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Author Topic: Adonis 2011  (Read 10279 times)

Pascal B

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Re: Adonis 2011
« Reply #30 on: April 24, 2011, 10:28:22 AM »
Naming cultivars is subject to rules just as naming species is. The International Code of Nomenclature for Cultivated Plants is the guideline for that: http://www.ishs.org/sci/icracpco.htm

The ICNCP is basically an extension of the International Code of Botanical Nomenclature (ICBN)

Unfortunately it is not online, like the ICBN is, and needs to be purchased. Generally speaking new cultivars either are registered at a specific registration body or published in a printed form (like a nursery catalogue) for them to become official. Naming cultivars has more freedom than species because the names don't have to be in Latin of latinized. Unfortunately in some genera growers mis-use cultivars to become immortal resulting in a multitude of similar looking plants with different names which then are discussed on fora because no one can make heads of tail of them..... ;)

The most important paragraph in the ICNCP is paragraph 2.3 defining what a cultivar is:

A cultivar is an assemblage of plants that (a) has been selected for a
particular character or combination of characters, (b) is distinct, uniform, and stable
in these characters, and (c) when propagated by appropriate means, retains those
characters

A a result of this definition the best way to ensure the "purity" of a cultivar is to propagate it vegetatively but it doesn't have to as long as the offspring retains the characters that defined the cultivar. The more clearly defined the characters are that make up the cultivar, the easier it is to recognise in the course of time and doesn't get "muddled" with plants that "sort of look like" the original cultivar.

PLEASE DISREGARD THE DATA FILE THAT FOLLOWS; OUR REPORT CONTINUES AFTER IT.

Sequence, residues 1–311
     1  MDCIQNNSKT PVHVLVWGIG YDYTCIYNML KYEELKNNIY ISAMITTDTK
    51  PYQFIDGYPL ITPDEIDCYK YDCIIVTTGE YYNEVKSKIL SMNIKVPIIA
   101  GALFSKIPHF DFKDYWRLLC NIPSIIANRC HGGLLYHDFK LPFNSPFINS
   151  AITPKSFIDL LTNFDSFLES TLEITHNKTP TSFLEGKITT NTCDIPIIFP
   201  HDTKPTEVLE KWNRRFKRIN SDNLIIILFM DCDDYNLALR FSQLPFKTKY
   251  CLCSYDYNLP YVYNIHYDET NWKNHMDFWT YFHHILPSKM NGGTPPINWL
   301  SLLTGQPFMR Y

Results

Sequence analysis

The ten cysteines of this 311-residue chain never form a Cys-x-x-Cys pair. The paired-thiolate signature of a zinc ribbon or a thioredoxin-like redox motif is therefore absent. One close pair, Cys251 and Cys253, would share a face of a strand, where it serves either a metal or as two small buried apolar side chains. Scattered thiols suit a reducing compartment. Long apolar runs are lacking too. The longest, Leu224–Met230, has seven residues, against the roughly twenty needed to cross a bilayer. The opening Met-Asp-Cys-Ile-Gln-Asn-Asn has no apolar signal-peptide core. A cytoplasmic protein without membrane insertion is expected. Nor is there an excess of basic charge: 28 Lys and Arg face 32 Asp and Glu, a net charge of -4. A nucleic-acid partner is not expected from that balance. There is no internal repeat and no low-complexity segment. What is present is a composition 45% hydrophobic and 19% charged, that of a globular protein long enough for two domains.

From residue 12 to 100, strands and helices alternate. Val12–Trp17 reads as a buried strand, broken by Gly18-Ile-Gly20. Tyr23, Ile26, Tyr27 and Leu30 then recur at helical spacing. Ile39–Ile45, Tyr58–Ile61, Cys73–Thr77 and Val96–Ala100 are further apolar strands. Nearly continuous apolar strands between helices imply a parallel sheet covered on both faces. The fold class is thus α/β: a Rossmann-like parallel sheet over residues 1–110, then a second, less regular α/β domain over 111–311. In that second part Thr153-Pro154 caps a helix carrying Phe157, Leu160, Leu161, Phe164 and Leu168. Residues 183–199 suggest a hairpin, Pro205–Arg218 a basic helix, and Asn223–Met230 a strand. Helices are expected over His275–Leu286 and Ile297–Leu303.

« Last Edit: April 24, 2011, 11:06:29 AM by Pascal B »

cohan

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Re: Adonis 2011
« Reply #31 on: May 04, 2011, 05:54:04 AM »
Photographing Adonis vernalis in the wild I noticed that there is some variation among the plants.
But usually only the shape of the petals or of the whole flower is variable, not the colour.
Does anyone know of any Adonis vernalis cultivars? Any colour variants?
Here is a small collage of the plants growing wild here near Cluj, Romania.

Every one of these is nice! Any plans to collect seed ? ;)

Ragged Robin

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Re: Adonis 2011
« Reply #32 on: May 07, 2011, 11:33:57 PM »
What a super sight, Franz, like pools of gold.
Valais, Switzerland - 1,200 metres - Continental climate - rocks and moraine

Oakwood

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Re: Adonis 2011
« Reply #33 on: May 16, 2011, 09:13:54 AM »
Adonis wolgensis ex SE Ukraine steppes.
Dimitri Zubov, PhD, researcher of M.M. Gryshko's National Botanic Garden, Kiev/Donetsk, zone 5
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WimB

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Re: Adonis 2011
« Reply #34 on: May 16, 2011, 10:11:30 AM »
Adonis wolgensis ex SE Ukraine steppes.

Love that species, Dimitri. Thanks for showing!
I've never seen it for sale anywhere.
Wim Boens - Secretary VRV (Flemish Rock Garden Society) - Seed exchange manager Crocus Group
Wingene Belgium zone 8a

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Oakwood

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Re: Adonis 2011
« Reply #35 on: May 16, 2011, 11:41:57 AM »
Thanks, Wim! This species is distributed in the southern steppe regions of Russia, Ukraine, Moldova and it grows often together with A. vernalis....
Dimitri Zubov, PhD, researcher of M.M. Gryshko's National Botanic Garden, Kiev/Donetsk, zone 5
http://vkontakte.ru/album10207358_107406207

WimB

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Re: Adonis 2011
« Reply #36 on: May 18, 2011, 08:49:34 AM »
Thanks, Wim! This species is distributed in the southern steppe regions of Russia, Ukraine, Moldova and it grows often together with A. vernalis....

Thanks for the info...
Wim Boens - Secretary VRV (Flemish Rock Garden Society) - Seed exchange manager Crocus Group
Wingene Belgium zone 8a

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Ragged Robin

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Re: Adonis 2011
« Reply #37 on: May 19, 2011, 05:34:24 PM »